Contrary to popular belief, there is no evidence that Nazi propaganda chief Joseph Goebbels coined the term “Big Lie.” According to the supposed quote, Goebbels said that if you tell “a lie big enough” and regularly repeat it, “people will eventually come to believe it.” That said, Adolf Hitler actually did use the phrase “big lie” — but not to describe his own propaganda strategy. In a darkly ironic case of psychological projection, he came up with the expression to defame the Jewish community.
“In the big lie there is always a certain force of credibility,” Hitler wrote in “Mein Kampf,” his 1925 autobiographical manifesto. He observed that most people are only comfortable telling small lies, and imagined others would be as uncomfortable as themselves perpetuating big ones. “It would never come into their heads to fabricate colossal untruths, and they would not believe that others could have the impudence to distort the truth so infamously,” Hitler explained. “Even though the facts which prove this to be so may be brought clearly to their minds, they will still doubt and waver and will continue to think that there may be some other explanation.”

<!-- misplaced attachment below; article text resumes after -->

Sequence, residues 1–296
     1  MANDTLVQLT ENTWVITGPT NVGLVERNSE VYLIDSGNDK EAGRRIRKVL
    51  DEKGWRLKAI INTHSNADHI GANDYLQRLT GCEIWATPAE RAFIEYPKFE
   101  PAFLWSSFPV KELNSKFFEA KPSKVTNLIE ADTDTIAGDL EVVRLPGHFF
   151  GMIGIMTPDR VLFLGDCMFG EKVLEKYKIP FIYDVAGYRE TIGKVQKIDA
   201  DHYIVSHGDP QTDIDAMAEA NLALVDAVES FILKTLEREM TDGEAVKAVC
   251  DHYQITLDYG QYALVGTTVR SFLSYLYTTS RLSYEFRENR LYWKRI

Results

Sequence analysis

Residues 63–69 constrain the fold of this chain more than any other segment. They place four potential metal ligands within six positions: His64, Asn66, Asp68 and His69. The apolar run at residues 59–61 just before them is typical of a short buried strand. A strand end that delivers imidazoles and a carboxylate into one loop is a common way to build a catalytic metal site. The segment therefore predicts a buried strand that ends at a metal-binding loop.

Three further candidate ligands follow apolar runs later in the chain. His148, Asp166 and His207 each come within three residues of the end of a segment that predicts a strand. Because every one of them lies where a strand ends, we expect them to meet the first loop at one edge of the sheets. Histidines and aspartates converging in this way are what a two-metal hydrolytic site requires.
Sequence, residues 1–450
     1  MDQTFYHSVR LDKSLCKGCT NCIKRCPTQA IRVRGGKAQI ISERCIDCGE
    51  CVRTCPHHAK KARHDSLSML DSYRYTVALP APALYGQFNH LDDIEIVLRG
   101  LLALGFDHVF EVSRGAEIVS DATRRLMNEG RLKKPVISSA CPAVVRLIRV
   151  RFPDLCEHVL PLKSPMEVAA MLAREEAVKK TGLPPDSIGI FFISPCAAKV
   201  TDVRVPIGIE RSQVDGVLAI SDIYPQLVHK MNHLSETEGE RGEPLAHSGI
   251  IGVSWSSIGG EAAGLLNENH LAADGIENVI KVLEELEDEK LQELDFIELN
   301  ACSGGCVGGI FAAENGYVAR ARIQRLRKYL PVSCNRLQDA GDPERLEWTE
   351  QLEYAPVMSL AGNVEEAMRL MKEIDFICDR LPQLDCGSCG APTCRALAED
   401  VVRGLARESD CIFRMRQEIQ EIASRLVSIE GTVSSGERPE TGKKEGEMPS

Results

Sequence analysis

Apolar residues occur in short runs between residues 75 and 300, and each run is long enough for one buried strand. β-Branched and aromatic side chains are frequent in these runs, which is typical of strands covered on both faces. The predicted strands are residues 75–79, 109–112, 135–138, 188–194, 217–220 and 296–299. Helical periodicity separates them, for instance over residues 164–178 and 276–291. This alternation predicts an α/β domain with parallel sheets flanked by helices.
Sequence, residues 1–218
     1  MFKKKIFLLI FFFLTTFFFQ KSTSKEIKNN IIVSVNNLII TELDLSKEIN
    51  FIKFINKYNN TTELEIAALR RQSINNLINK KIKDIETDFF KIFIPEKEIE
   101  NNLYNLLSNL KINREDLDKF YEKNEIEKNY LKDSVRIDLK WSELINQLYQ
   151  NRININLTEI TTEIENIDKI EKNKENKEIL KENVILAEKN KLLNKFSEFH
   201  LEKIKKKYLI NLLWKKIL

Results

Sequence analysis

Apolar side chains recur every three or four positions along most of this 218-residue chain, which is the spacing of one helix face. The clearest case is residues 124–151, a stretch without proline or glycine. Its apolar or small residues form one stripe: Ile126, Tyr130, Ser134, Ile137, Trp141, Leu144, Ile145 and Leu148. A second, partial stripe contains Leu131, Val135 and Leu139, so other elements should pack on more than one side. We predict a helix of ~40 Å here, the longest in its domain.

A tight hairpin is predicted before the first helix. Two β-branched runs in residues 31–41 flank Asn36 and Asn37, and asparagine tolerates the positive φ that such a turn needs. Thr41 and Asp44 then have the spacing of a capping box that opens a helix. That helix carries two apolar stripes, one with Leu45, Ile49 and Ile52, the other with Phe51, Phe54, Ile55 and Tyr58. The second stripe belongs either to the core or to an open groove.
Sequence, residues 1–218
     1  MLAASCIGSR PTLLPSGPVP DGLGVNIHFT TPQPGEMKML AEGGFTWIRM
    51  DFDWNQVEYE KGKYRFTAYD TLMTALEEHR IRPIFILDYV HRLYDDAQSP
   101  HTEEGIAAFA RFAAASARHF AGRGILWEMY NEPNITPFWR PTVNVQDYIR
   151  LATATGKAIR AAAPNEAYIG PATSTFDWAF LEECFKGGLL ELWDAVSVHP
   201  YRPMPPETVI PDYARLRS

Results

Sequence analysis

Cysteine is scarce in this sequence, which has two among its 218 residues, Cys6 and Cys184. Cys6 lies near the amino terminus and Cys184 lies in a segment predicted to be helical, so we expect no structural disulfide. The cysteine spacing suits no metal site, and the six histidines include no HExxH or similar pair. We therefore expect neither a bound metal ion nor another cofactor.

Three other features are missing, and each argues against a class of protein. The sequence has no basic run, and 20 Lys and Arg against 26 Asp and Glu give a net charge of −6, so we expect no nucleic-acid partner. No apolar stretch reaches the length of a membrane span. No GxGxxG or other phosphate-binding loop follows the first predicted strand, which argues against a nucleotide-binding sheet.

Indeed, like many abusers before him, Hitler rationalized his own depraved behavior by falsely accusing his victims of doing the same thing. The story of World War II is, in many ways, a tale of a Big Lie run amok. Germany felt humiliated after its loss in World War I, and the nationalistic pride which had fueled that conflict still burned in the hearts of millions.